Health outreach workers leaving with megaphones from the village of Lama Mbalo carry T-shirts with the words: “I found my COVID-19 vaccine!”
By then, all of Gibel’s women had heard rumors on social media: Vaccines could stop your blood or cause your miscarriage. Women taking it will not get pregnant again.
Lama Mbalo and his sister-in-law, Fatomata Mbalo, never made the 3.4-mile journey (5.5 kilometers) into the city for their vaccines, but the family kept the free shirts. Its lettering is now well worn by the wash, but the women’s resolve has not softened. They share a lot in common – food preparation duties, babysitting, trips to the well with plastic jugs, and their perspective on vaccines.
“I definitely need a lot of kids,” said Lama Mblo, 24, who has a 4-year-old son, another baby on the way and no plans to get vaccinated after giving birth. And Fatomata Mbilo, 29, struggling to get pregnant for the third time in a village where some women have more than 10 children, quietly insists: “I don’t want to make it worse and destroy my womb.” Do not want to do.”
As health officials in The Gambia and across Africa urge women to get vaccinated, they have faced reluctance among those of childbearing age. Many women worry that current or future pregnancies will be at risk, and in Africa, the success of a woman’s marriage often depends on the number of children she has. Other women say they fear vaccines more than viruses: As breadwinners, they can’t miss a day of work if side effects like fatigue and fever briefly sidestep them.
Their fears are hardly extraordinary, with rumors spreading across Africa, where less than 4% of the population is vaccinated. Although data on gender distribution of vaccines is lacking globally, experts agree that increasing numbers of women in Africa’s poorest countries are consistently missing vaccines. Officials who already lament the disparity of vaccine distribution between rich and poor countries now fear that outright gender inequality means African women are the least vaccinated population in the world.
The story is part of a year-long series describing the impact the pandemic is having on women in Africa, the least developed of the countries. AP’s series is funded by the European Journalism Center’s European Development Journalism Grants Program, supported by the Bill & Melinda Gates Foundation. AP is responsible for all content.
“Unfortunately, we see that even though COVID vaccines have long arrived in Africa, women are being left behind,” said Dr. Abdalah Jeeraba, an epidemiologist at the African Population and Health Research Center. “This could mean that they will have to suffer heavy losses during the pandemic.”
Officials say the spread of vaccine misinformation is largely responsible for the gender gap. Delays in obtaining vaccines in poor countries have allowed misinformation to flourish, even in remote villages where few people have smart phones. And with female literacy a challenge across Africa, women have long relied on word of mouth for information.
Despite widespread concerns about pregnancy and fertility, there is no evidence that vaccines affect a woman’s chances of becoming pregnant. The US Centers for Disease Control and Prevention tracked thousands of immunized women and found no difference in their pregnancy outcomes. The CDC, the World Health Organization and other agencies recommend pregnant women get vaccinated because they are at higher risk of serious illness and death.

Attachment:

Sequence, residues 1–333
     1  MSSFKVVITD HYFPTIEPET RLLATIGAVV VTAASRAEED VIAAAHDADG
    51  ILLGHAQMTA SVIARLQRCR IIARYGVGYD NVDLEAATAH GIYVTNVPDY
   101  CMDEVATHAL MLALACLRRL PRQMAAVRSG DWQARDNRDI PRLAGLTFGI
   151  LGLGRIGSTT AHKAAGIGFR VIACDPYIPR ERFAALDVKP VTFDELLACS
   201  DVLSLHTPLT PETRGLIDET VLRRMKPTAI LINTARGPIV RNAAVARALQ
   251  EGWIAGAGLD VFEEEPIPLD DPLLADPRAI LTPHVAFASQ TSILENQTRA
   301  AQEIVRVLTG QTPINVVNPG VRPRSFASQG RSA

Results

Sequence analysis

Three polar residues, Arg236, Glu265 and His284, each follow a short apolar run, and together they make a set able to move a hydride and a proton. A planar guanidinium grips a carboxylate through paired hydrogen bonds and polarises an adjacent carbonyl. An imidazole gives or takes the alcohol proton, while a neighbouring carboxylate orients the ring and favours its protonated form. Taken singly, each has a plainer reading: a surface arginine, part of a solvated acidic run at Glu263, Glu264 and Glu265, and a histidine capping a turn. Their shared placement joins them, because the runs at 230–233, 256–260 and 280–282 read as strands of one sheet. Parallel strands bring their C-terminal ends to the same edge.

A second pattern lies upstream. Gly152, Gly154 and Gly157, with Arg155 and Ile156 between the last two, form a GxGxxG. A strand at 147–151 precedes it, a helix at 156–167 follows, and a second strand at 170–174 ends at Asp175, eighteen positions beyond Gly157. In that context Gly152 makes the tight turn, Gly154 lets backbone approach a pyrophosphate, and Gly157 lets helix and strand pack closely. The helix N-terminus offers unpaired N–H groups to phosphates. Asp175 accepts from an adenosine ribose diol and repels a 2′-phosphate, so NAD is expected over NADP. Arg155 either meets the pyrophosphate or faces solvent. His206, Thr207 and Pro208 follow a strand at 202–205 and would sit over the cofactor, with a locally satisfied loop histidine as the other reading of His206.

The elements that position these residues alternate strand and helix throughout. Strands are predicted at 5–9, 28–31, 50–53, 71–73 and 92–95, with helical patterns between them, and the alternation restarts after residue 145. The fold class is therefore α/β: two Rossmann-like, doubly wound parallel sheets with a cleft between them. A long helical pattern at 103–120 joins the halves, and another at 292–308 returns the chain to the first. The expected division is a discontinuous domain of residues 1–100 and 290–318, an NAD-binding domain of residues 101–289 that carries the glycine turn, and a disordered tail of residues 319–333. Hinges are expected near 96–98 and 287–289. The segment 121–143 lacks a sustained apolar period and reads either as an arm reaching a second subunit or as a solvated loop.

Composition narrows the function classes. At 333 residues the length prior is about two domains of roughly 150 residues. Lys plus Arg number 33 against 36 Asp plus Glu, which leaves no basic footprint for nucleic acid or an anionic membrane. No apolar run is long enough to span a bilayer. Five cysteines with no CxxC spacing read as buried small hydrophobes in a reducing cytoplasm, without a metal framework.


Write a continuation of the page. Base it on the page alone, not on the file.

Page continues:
In The Gambia, as in many African countries, AstraZeneca was initially the only vaccine available. Widespread publicity of the link between that shot and rare blood clots in women during a failed rollout in Europe backfired on vaccination efforts. Many Gambians believed that the shot would stop their blood from flowing completely, thanks to the poor translation of news into local languages.
Officials also faced deep distrust of the government and the belief that Africans were getting shots that no one else wanted. Rumors swirled that the vaccine was designed to control the continent’s birth rate.
Since then health officials have made considerable progress in vaccinating Gambian women; They are now about 53 percent of those who have jobs, up several percentage points from a few months ago. But there has been a gap between the children of childbearing age, despite how often they are in contact with the maternity clinic staff.
Across Africa, officials report similar trends despite a lack of comprehensive data. In South Sudan, Gabon and Somalia, less than 30% of those who received at least one dose in the early stages of COVID-19 vaccination campaigns were women.
In those countries – poorer countries elsewhere in the world, particularly the Middle East and parts of Asia – women face other barriers to accessing vaccines. Some require their husbands’ permission, or lack the technology to make an appointment, or simply aren’t on the vaccine priority list.
It is not surprising that African women have been left behind, said Dr. Roopa Dutt, assistant professor at Georgetown University Medical Center, but it is necessary to address the problem. “If they don’t get vaccinated at the same rate as men, they will become this pocket for COVID-19, and it will make it more difficult for all of us to get out of the pandemic,” she said.
In The Gambia, many women start their day by lighting a fire to cook breakfast in the morning, so Lucy Jarju wakes up and goes to the river after morning work. He and other women spend hours navigating small boats in open water in search of dinner. Oysters, crab or small fish that are left uneaten will be sold, making up the bulk of their …
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